In addition to bonding and insurance, most of these states also address the type of account 1031 facilitators must use to hold client funds. In the State of Washington, for instance, 1031 facilitators must hold client funds in a “qualified trust account” unless they have certain levels of coverage. Again, this provides additional security for clients. 

A Closer Look at Nevada’s State Regulations

One state worthy of mentioning separately from the other states is Nevada. Nevada stands out from the others because it is the only state which requires 1031 facilitators to have a license. Nevada’s legal code spells out the procedure for obtaining a 1031 facilitator license. This procedure is obviously specific to the State of Nevada. Nevada also requires that 1031 facilitators carry minimum levels of coverage (for fidelity bonds and insurance). What’s more, Nevada places regulations on where funds are held by its 1031 facilitators. Nevada requires 1031 facilitators to hold the funds of each client in a separate account. This is to prevent commingling of funds. Aside from the licensing requirement, these other regulations are typical and are found in the laws of the other seven states that regulate 1031 facilitators.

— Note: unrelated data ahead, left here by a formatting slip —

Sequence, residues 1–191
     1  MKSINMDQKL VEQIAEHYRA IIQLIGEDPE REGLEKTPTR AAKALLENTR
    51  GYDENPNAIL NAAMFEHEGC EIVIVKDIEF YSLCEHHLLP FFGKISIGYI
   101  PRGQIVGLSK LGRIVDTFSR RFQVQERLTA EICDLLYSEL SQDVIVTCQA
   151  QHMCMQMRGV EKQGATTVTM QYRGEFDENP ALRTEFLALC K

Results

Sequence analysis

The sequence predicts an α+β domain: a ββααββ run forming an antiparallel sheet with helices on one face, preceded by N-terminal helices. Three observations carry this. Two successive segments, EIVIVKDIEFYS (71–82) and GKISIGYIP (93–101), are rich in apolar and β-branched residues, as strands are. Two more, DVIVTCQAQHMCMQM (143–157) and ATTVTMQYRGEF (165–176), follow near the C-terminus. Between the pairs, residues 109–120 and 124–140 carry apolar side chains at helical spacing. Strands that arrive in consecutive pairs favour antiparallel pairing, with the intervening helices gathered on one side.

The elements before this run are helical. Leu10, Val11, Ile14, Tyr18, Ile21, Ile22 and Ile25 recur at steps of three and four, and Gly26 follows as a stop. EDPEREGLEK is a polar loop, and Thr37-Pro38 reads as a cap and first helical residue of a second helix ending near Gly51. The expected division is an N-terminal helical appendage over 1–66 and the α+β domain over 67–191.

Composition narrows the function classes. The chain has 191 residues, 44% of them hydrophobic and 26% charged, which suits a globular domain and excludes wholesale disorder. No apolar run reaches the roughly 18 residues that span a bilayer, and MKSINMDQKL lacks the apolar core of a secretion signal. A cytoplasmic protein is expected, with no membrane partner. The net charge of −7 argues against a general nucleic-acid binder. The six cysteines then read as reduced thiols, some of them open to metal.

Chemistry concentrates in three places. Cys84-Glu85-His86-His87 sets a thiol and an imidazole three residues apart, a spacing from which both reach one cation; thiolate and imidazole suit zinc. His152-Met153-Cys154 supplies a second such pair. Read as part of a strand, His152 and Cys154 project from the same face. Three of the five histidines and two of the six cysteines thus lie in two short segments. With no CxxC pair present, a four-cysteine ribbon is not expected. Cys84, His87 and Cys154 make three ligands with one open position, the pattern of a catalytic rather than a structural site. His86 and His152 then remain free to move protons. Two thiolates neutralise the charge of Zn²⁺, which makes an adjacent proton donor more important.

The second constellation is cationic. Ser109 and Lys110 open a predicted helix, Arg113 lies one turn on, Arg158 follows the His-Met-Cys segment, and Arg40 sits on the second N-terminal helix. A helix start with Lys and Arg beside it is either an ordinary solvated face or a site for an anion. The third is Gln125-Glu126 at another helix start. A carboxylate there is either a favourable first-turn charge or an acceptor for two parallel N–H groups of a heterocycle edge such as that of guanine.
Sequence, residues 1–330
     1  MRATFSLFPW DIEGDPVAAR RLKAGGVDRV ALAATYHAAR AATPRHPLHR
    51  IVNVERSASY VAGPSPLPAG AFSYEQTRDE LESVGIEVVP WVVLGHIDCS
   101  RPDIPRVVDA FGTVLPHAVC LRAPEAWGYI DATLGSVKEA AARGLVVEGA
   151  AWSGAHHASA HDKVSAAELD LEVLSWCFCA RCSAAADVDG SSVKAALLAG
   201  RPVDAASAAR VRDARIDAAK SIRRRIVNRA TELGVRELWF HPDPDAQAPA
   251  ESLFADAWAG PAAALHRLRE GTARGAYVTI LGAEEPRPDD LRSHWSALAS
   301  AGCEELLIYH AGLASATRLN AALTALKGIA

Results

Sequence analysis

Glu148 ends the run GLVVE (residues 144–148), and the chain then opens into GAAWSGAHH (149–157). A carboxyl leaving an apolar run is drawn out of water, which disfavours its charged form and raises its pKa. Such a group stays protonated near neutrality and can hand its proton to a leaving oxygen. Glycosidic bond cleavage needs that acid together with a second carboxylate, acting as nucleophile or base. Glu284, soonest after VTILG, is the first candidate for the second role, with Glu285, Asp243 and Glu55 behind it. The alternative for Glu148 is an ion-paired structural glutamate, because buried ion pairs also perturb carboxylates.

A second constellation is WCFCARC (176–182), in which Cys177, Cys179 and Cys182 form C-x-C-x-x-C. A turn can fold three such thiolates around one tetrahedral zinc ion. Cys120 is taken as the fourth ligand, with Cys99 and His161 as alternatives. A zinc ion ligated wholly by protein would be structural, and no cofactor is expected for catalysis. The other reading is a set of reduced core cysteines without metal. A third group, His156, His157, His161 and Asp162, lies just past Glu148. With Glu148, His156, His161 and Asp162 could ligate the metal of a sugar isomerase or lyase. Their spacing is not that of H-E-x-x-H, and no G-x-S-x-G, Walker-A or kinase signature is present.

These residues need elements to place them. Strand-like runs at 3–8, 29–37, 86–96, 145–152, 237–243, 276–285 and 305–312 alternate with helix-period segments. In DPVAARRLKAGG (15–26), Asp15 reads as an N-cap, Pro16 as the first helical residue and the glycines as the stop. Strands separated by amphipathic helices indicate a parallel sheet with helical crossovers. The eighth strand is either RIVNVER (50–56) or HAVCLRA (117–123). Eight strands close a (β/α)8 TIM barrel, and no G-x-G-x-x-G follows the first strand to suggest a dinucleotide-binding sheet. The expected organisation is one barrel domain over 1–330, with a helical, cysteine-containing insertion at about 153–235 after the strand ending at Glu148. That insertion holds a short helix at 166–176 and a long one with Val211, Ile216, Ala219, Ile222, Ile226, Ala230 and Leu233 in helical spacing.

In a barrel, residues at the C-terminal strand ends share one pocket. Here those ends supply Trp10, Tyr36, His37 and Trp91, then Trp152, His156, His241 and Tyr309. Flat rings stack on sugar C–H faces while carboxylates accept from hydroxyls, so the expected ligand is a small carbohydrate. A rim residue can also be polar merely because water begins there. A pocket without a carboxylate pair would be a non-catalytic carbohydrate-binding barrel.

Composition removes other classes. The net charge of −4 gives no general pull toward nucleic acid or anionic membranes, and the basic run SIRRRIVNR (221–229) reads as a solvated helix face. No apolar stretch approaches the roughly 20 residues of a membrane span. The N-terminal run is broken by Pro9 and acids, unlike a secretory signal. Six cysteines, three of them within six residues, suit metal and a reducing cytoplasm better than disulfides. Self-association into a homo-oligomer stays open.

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When New York State develops its own regulations, they’ll likely cover the same basic issues addressed by the eight states referenced in this post. Future regulation of New York’s 1031 facilitators will likely cover bonding and insurance requirements, licensing, professional conduct and education requirements, among others. At Mackay, Caswell & Callahan, P.C., we stay up-to-date with the various areas of tax that we cover. As soon as New York passes legislation on 1031 facilitators, we’ll follow up on this post asap. If you’re preparing to conduct a 1031 like kind exchange in the near future, hiring a qualified tax attorney may be a good investment. Feel free to reach out to one of our top New York City tax attorneys for assistance today. 

Image credit: Woody Hibbard